Tuesday, December 28, 2010

Observation and Record Keeping

(Jessica with observation clipboard, after helping the child will write down what the child had difficulty with.)

I am very pleased so far this year with the observation format and record keeping that Jessica and I have been using. Part of it was passed along at the AMI Refresher Course last year by Molly O'Shaughnessy and modified somewhat for our classroom. I have needed quite a bit of help in the organizational department to keep a solid record of daily/weekly observations and after many years in the classroom, feel more confident than I ever have with our record keeping system.

My trainer Ginni said different things work for different people, and then described in a little detail her method of using index cards and recipe boxes to keep track of what was happening in her room. I've tried different approaches during the year, but feel most comfortable with what we're using now.

For daily observations, we have form that we put on a clip board that we keep with us in the classroom during the day. On it I write the works I see used with deep concentration, general works chosen, issues, moments of distraction, lessons given and possible lessons for the future. This is what it looks like.

Once a week or so, we also chart the work flow of the group during the 3 hours of uninterrupted work. This gives us a general idea of how the days are developing, and at what time we should be ready to give small or whole group lessons. The work flow chart is can also be found in the book The Absorbent Mind.

On the clipboard also goes a sheet of possible individual and group lessons, taken from a master work plan that I keep in a bound book. I refresh this sheet about every two weeks adding to it as the weeks progress. I use it as a reminder of what possible lessons to give children who are free or need help making choices during the day. (this is what it looks like: weekly lessons form) At the end of the week, I track the lessons given to each child in the book, and this serves as my master individual work record.

At the end of the week, I meet with Jessica and go over our observations sheets of that week. I used to file these observation sheets, but more recently I admitted to myself that I NEVER refer to them again and that I needed a more structured weekly summary to help me with lesson planning and general history of the work going on. So I made up a weekly summary sheet where we are filling in the most useful bits of information filed in a binder that I feel will be useful also for future reference. This is what it looks like.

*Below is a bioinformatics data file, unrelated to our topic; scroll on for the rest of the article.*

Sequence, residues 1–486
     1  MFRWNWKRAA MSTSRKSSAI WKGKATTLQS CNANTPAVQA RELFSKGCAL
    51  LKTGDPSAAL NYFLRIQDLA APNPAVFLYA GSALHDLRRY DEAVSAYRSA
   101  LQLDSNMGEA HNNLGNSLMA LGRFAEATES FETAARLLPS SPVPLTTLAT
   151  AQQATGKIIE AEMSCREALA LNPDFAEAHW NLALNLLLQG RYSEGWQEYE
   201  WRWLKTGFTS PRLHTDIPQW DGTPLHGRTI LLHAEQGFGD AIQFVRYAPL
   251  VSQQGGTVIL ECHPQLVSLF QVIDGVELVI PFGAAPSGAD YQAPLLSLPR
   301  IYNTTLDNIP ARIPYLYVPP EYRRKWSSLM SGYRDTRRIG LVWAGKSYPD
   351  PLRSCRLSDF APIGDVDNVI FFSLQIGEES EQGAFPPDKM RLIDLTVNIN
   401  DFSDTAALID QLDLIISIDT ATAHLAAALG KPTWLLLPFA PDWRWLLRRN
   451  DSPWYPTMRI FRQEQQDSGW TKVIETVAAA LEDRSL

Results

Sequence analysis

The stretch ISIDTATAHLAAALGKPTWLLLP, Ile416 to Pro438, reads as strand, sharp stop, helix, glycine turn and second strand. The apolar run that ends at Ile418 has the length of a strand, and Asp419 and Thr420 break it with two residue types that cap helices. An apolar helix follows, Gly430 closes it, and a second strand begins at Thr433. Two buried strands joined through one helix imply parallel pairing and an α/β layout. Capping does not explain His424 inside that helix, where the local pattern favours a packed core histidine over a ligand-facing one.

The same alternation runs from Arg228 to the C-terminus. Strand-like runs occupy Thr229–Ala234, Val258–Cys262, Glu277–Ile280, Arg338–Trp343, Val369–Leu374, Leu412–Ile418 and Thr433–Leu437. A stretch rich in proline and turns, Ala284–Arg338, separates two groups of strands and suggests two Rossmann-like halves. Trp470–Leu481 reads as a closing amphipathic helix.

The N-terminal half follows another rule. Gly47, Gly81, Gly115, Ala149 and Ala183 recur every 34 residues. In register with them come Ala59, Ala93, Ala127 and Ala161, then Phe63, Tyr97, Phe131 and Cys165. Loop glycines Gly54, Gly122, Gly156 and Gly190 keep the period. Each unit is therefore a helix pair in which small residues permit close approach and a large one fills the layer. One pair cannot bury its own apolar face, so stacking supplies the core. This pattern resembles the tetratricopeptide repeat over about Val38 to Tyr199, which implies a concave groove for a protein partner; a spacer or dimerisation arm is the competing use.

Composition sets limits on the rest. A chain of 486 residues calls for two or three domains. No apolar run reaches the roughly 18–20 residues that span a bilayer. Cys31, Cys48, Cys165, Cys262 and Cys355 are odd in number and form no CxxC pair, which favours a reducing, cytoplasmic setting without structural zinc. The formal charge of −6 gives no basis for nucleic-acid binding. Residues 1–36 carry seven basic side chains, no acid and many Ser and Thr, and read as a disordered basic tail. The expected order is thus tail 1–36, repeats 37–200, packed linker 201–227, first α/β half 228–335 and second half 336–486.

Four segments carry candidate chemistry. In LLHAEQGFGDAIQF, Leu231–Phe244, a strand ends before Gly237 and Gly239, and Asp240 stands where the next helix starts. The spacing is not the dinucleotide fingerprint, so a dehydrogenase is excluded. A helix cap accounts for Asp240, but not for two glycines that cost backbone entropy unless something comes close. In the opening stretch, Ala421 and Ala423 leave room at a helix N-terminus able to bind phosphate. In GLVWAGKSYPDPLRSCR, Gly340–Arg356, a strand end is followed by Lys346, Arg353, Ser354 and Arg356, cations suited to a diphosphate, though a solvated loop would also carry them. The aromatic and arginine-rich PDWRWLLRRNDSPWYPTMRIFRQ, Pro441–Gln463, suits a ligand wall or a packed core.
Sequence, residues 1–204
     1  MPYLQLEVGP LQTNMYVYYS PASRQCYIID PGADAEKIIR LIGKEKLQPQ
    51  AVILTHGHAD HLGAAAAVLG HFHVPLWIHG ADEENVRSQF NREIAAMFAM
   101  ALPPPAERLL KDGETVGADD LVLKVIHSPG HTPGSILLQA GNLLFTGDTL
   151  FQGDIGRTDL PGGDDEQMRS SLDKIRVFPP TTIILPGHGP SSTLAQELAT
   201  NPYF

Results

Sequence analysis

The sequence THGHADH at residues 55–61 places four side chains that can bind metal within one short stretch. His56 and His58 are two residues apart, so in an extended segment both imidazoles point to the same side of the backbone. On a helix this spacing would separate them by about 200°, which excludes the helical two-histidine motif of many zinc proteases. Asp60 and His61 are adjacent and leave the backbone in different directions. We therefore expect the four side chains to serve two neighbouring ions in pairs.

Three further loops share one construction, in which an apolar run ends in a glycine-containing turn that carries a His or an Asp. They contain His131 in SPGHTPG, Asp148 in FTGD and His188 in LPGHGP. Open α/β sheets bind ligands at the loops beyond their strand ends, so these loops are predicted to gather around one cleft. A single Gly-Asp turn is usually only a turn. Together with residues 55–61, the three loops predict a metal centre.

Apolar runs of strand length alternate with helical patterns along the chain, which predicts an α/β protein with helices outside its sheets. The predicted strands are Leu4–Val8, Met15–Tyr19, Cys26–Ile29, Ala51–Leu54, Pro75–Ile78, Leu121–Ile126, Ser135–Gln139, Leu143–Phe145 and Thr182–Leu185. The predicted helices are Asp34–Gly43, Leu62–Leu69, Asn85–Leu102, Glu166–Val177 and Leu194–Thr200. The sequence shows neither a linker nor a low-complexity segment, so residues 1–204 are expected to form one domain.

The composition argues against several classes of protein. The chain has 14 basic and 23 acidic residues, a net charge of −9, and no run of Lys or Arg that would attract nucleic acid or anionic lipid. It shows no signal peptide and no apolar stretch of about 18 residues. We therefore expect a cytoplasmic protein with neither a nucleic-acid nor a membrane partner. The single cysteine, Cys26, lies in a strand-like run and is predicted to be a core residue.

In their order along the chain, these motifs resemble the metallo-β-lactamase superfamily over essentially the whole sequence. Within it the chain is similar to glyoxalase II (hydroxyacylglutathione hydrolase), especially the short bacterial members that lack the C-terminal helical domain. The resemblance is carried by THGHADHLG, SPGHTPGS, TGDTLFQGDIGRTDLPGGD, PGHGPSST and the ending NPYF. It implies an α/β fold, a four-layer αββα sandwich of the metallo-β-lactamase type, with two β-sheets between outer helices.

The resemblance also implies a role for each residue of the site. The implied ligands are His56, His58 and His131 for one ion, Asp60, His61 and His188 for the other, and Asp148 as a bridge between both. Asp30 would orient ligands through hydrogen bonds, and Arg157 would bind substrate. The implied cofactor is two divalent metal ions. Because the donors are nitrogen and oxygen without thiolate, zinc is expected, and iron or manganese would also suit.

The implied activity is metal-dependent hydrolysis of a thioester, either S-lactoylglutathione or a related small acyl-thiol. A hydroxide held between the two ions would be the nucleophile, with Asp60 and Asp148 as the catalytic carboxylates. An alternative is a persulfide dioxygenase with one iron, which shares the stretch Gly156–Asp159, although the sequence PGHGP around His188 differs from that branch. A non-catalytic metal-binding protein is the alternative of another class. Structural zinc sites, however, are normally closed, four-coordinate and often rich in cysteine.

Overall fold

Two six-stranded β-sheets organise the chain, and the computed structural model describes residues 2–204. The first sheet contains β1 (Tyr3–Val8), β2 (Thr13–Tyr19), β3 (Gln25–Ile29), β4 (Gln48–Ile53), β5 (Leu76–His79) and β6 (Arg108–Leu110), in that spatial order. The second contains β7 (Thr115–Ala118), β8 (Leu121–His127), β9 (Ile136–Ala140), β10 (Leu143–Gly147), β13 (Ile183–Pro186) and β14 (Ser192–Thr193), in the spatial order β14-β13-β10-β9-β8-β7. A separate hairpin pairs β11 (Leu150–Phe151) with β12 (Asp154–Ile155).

In the end, what I keep as permanent record are the master individual and group lessons book, the weekly summaries, and the work flow charts. It sounds like a lot of bureaucracy but in the end, I do feel like I have a grip on what's happened, and a useful tool for preparing for the future.

I'd love one day to find and learn to use a digital record keeping device that could magically spit out a paper that details the work each child has done that week, and the lessons they've received and mastered with exact dates, and even suggest the lessons for the next weeks but until that magical Montessori app is developed and made free (heck, I'd even pay for it!) I will settle on my old fashioned whole bunch of semi organized papers.


thesecretofchildhood said...

That magical app actually exists - Montessori Records Express. I cannot speak highly enough of this online record keeping tool. If you contact the developer, Dave Rabkin, he will give you a free hour long tour of the program and its capabilities. It does everything you mentioned and more! I have used this for two years now and will NEVER use anything else - it just works. And it takes about 20 minutes at the end of a day to update the records for the whole class.

Lindart said...

I've made my own computer record keeping on Excel. Works great. I can isolate and print out anything I want to. I'm going to add your weekly summary and see how that works for me too! It took me a month or so to teach myself how to use excel (mostly you -tube videos) and I had a model from an elementary class that I revamped to casa. I keep records ongoing on the computer all day long.

Anne said...

My school started using a new service this year called MontessoriBuddy.com. They have a lot of useful classroom management features, but the Montessori record keeping functionality is my favorite. It's saves a lot of time for us in the classroom and the parents absolutely love the improved communication. If you are seeking online Montessori record keeping, I would definitely check check out MontessoriBuddy.com.

P. Dinkin said...

Have you checked Montessori Clarity, easy to keep records and so much more.

Montessori World for Children said...

I'm opening a new Montessori Classroom age 3-6. The total student now are 5.I checked the above Montessori record keeping systems. But I need an offline package.Can you help? I need your guidance